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How do the Humanities Connect to a Non-Profit Organization: My Internship with the Clean Water Action Council of Northeast Wisconsin

By Dana La Verne

The humanities explore the human experience, and one way to do this is interning with a non-profit organization. This semester I have been completing my humanities degree by interning with Clean Water Action Council of Northeast Wisconsin (CWAC). CWAC is a non-profit dedicated to promoting a safe, healthy, and sustainable environment for the region. Throughout this internship I have gained a positive experience in helping humans and the environment stay healthy.

Clean Water Action Council 2019 Farmers Market Booth

I have had many opportunities through this internship. I was able to talk to the local Green Bay community about CWAC at the Winter Farmers Market. The community is what allows us to be able to continue doing our work. I was also able to attend the Making the Connection Conference in Madison, WI which discussed environmental health in our society. I was able to listen to doctors and every day individuals discuss the work they do in society to help us live the healthiest lives possible.

Clean Water Action Council of Northeast Wisconsin Spring 2019 Newsletter

With this internship I also learned about managing a non-profit organization. I am the manager of the weekly update. This is an update we email to our members and email list with events, actions, new legal permits, and important environmental news that is happening in Northeast Wisconsin and around the world. I am also in charge of social media. I post everything from the weekly update, and anything that I find useful that the public should know about. CWAC also has a quarterly newsletter that we publish. For the Spring 2019 Newsletter I published an article called “Electric Vehicles Making a Positive Impact Toward Global Warming”, which discussed that electric vehicles will be a healthy form of transportation for humans and for the environment.

The Clean Water Action Council also hosts many events such as health forums to help keep the public informed. This includes keeping up with research, and what the public is interested in learning. The health forum I helped promote was “The Environment and Health: Why what we eat, touch, and breathe matters.” One major project we are working on with a sister non-profit, Clean Wisconsin, is discussing the dangers of Coal Tar Sealants. In the tar sealants are Polycyclic Aromatic Hydrocarbons, or PAHs. They are found in parking lots and driveways which pose a threat to anyone, but especially the sick, elderly, and our children who play on these surfaces. We have hosted three presentations in Brown, Oconto and Marinette Counties, sent emails and letters to schools, hospitals, and public officials in the counties, cities, villages, and towns, and advertised throughout the communities. Legislation has been passed in neighboring areas to help raise awareness, which we now want to do in Northeast Wisconsin.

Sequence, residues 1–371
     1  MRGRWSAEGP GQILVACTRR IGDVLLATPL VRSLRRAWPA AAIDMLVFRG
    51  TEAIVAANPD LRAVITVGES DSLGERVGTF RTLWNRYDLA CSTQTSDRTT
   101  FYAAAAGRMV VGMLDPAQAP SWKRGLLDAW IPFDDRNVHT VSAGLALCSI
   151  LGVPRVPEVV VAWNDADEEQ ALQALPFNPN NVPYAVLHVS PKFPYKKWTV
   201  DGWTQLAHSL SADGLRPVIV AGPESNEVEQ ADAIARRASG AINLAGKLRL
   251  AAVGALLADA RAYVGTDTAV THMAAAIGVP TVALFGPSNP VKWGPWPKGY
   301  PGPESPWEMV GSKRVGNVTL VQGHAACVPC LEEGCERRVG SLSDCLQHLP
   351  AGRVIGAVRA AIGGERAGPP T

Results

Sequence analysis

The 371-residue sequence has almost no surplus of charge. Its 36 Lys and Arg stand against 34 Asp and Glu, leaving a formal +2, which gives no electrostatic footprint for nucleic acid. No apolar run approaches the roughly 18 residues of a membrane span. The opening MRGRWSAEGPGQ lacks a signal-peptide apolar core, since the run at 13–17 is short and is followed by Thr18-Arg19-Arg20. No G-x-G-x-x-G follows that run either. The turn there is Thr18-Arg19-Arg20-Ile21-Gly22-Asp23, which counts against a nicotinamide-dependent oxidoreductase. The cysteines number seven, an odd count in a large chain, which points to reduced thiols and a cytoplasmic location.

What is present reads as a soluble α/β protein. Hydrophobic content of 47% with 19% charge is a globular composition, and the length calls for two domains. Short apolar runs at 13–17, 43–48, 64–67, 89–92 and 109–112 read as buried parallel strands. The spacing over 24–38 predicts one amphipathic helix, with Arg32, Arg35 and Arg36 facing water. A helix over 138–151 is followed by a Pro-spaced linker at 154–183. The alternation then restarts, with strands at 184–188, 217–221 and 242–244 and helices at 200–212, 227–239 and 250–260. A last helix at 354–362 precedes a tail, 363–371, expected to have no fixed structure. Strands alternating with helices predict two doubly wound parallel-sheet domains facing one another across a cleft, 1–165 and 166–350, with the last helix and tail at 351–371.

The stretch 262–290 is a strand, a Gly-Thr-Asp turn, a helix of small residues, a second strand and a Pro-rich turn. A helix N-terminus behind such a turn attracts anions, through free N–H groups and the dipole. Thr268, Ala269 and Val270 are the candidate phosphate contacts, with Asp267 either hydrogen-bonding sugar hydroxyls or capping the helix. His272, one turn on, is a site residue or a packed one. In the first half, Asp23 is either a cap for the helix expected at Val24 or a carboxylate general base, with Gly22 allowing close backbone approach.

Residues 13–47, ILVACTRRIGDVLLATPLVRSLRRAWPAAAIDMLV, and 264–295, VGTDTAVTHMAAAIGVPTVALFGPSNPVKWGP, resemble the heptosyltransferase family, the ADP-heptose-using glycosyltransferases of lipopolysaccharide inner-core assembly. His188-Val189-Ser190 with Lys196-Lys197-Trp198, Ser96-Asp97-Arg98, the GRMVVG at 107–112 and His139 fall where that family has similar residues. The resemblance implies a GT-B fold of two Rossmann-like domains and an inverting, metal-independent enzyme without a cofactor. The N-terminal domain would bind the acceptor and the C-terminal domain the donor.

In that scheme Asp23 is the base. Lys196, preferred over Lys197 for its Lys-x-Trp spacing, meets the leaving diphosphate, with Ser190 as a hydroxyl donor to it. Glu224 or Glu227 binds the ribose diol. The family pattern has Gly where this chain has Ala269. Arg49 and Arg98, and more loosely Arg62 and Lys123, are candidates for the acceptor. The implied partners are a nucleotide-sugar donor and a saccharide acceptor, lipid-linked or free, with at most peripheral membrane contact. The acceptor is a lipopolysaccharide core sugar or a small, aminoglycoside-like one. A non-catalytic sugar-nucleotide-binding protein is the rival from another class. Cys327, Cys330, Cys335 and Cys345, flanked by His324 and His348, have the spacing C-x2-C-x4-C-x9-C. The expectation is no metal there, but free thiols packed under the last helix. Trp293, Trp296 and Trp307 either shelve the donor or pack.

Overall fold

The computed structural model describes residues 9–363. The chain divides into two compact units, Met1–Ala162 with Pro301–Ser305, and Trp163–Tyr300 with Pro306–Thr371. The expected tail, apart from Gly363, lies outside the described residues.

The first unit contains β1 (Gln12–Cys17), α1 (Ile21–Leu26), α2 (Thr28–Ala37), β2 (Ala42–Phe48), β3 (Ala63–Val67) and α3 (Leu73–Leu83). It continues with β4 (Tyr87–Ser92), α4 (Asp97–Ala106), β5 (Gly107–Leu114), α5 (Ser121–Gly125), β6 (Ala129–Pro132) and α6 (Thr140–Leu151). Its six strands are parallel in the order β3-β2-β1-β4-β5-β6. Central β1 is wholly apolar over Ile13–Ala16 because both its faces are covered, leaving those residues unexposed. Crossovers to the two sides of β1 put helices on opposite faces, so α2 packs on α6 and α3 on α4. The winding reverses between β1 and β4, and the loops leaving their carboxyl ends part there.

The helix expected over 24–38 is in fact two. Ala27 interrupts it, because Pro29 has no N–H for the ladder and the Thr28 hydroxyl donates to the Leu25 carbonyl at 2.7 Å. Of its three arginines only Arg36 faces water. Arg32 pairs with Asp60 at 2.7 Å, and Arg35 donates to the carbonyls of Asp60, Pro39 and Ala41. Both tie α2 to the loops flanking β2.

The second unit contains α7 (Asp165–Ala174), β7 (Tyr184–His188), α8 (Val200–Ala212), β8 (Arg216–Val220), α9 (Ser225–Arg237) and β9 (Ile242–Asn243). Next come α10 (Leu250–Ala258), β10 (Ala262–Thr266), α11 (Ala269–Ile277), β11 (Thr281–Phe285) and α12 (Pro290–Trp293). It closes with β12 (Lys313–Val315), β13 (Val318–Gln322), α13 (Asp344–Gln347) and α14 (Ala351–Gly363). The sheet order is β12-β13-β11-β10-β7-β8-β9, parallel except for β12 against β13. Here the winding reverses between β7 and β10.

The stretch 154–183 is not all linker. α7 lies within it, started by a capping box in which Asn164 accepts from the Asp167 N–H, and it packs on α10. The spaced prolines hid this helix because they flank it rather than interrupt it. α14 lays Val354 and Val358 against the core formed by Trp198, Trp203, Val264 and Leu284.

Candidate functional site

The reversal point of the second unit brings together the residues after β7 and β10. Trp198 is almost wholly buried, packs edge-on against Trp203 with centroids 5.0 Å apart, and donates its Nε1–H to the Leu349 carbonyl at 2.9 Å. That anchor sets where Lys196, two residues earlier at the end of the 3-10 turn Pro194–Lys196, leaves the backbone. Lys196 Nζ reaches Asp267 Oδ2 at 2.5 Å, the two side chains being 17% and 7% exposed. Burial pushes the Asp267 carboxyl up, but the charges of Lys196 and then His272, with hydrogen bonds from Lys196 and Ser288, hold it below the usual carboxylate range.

“Interning for a non-profit organization allows you the ability to experience humanities from a different perspective.”

Dana La Verne

Another important aspect with working with a non-profit organization is learning how to fundraise, either through the organization or through grants. For instance, we received a grant for the Coal Tar Sealants. We sell merchandise such as bags, t-shirts, and sweatshirts, but our biggest fundraiser is our annual banquet. I had to contact local businesses for donations to our silent auction, advertise the event, sell tickets, and help with the planning process. Our banquet included a social, silent auction, dinner, program, and dance. This year the meal was slow roasted free-range chicken which was gluten-free or mushroom Marinara, which was vegan and also gluten-free. You also got a mixed green salad, roasted sweet potatoes, vegetables, and a dessert bar. Our food was locally sourced. If you didn’t find something you liked to eat, there was no hope. The program included speaker Paul Matheson from Clean Wisconsin discussing protecting our families from toxic pavement sealants, and the band was Terry Murphy and the Cherry Pickers. It was a fun time promoting CWAC and the work that we do, but it was also a lot of work. The greatest thing I enjoyed was seeing everything come together.

Speaker Paul Matheson discussing Polycyclic Aromatic Hydrocarbons, or PAHs, in tar pavement sealants, and the harm it causes to the public health.
Photo Credit: Intern Lauren Felder
My boyfriend Devin and I all dressed up at the Clean Water Action Council Banquet. My family are my greatest supporters.
Photo Credit: Kayla Carolyn Photography